AS MUCH AS Chelsea will curse Wayne Rooney, he does provide an antidote to the unedifying headlines that continue to dog two of their players.
This wonderfully gifted footballer is doing his best not only to ensure that Manchester United remain firmly in the hunt for a record fourth successive title but offers Fabio Capello positivity amid a sea of negativity surrounding John Terry and Ashley Cole.
Rooney's 26th and 27th goals of the season moved United to within a point of Chelsea, the leaders, and gave even more credence to Alex Ferguson's claim that his striker will become a "complete player, ready to join the distinguished band of United legends" if he maintains this form.
Michael Owen rubbed West Ham United's noses in it with a lovely finish, but this was another night on which to salute his successor as the golden boy of English football.
It was not all good news for United as Anderson limped off just 16 minutes into his first appearance for five weeks with a knee injury and the absence of Rio Ferdinand, who was not even on the substitutes' bench despite completing a four-match suspension for violent conduct, will set tongues wagging about the Carling Cup final against Aston Villa at Wembley on Sunday.
It has been a strange past week for United. The exhilarating 3-2 win over AC Milan in the first leg of their Champions League round-of-16 tie eight days ago showcased many enduring qualities -- pace and poise on the counter-attack, boundless energy, an iron will -- not to mention the talents of Rooney.
For all the delight he took from victory at San Siro, though, Ferguson will have focused on the defensive lapses that, on another night, might have resulted in more than a couple of breaches of their goal, and which clearly offered Everton all the encouragement they needed at Goodison Park en route to a resounding 3-1 win on Saturday. Five goals shipped in two matches is hardly the stuff of which champions are made, but despite the blunders at the back, Ferguson resisted the temptation to pair Ferdinand with Nemanja Vidic for the first time in almost four months.
Instead, Wes Brown, who has looked haphazard of late, partnered Vidic, making his first appearance after eight weeks out with a calf problem that had really tested the patience of the manager.
The Serbia defender may have had something to prove amid the growing belief that he has had his head turned by the idea of a move to the continent in the summer, but not as much as Anderson, another facing a decidedly uncertain future at Old Trafford.
The Brazil midfield player admitted as much this week, but any hopes he had of making an impression on Ferguson last night were expunged as he limped off with a knee injury.
Rooney, surprise surprise, ensured that United emerged from the half-time interval sporting a 1-0 lead. United had the better of a subdued opening period that only really sparked into life when the England forward finished a fine counter-attack in the 38th minute before almost doubling his team's advantage with a typically audacious moment of individual brilliance.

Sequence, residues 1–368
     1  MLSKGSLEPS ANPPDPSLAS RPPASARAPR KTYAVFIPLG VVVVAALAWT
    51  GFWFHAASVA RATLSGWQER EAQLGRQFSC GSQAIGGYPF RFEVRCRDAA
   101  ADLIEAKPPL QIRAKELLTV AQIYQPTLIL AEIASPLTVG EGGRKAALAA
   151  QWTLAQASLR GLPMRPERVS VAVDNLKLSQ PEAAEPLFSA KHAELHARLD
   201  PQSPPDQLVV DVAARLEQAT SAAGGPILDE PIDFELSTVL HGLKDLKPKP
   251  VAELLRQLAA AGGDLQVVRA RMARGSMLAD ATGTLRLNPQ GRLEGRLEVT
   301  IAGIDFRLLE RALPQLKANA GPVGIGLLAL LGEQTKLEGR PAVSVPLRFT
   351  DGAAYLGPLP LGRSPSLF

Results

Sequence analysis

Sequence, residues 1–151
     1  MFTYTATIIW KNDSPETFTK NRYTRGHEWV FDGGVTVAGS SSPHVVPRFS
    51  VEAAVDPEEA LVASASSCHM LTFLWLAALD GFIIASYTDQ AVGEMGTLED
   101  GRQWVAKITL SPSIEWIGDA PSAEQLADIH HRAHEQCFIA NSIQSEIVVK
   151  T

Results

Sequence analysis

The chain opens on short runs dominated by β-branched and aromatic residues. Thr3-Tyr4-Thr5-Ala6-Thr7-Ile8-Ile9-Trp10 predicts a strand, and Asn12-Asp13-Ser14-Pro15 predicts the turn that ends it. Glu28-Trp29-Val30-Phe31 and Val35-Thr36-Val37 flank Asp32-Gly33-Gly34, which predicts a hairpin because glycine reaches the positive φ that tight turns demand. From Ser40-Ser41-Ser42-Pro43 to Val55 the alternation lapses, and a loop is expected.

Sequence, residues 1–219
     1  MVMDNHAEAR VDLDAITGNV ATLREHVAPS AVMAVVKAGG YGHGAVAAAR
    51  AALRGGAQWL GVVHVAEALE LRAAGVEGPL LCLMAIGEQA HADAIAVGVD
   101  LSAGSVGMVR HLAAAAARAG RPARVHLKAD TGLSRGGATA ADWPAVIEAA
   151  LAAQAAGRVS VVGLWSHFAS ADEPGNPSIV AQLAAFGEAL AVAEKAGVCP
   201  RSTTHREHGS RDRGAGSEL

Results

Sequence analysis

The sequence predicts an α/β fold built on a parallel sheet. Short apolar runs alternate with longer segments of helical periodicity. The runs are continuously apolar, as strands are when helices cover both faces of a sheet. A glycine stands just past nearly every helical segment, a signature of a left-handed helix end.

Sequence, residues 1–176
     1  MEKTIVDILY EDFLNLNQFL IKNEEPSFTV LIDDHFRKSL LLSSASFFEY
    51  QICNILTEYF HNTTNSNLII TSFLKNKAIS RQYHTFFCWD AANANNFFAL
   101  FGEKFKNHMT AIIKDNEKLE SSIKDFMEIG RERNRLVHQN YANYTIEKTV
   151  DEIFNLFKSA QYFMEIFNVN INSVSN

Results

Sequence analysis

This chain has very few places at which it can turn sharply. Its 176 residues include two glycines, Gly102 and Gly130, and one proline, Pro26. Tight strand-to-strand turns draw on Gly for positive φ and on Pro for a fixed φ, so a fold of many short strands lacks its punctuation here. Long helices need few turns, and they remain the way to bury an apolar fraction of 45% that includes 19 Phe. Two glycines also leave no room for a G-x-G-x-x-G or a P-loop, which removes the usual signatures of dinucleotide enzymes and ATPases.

Ferguson talked about him getting close to being the "complete player" and his headed finish was reflective of a man brimming with confidence.
A few minutes after scoring, he also collected Berbatov's flick-on, teed the ball up with one touch and belted it with his second on the turn. Much to West Ham goalie Robert Green's relief, it dipped only on to the roof of the net, but it was a breathtaking piece of skill all the same.
West Ham were cautious but relatively controlled in their play. However, Gianfranco Zola's team have not won away in the league since the opening day of the season and, more alarmingly, had taken only one point from the 11 games in which they had conceded first going into this match, so asking them to come back at Old Trafford, of all places, was always going to be a tall order.
Within 30 seconds of the restart, Park set the tone of things to come when he rattled the crossbar before Rooney made it 2-0 in the 55th minute with yet another header.
Owen made sure of victory when he opened his body and found the far corner of the net after a through pass from Paul Scholes.
Meanwhile, Fabio Capello looks set to plan for England's friendly with Egypt next week having to install yet another captain after Rio Ferdinand's injury scare.
Just three games into his comeback from a long-standing back complaint that kept him out for more than three months, Ferdinand was forced to pull out of the victory over West Ham.
Alex Ferguson immediately ruled out Ferdinand for Sunday's Carling Cup final, which raises inevitable questions about the 31-year-old's chances of leading his country into their first game since John Terry was sacked.
Capello would almost certainly ask Steven Gerrard to do the job if Ferdinand does miss out, although in-form Rooney might have a claim given he had the role for the defeat by Brazil in Qatar last November.
©The Times, London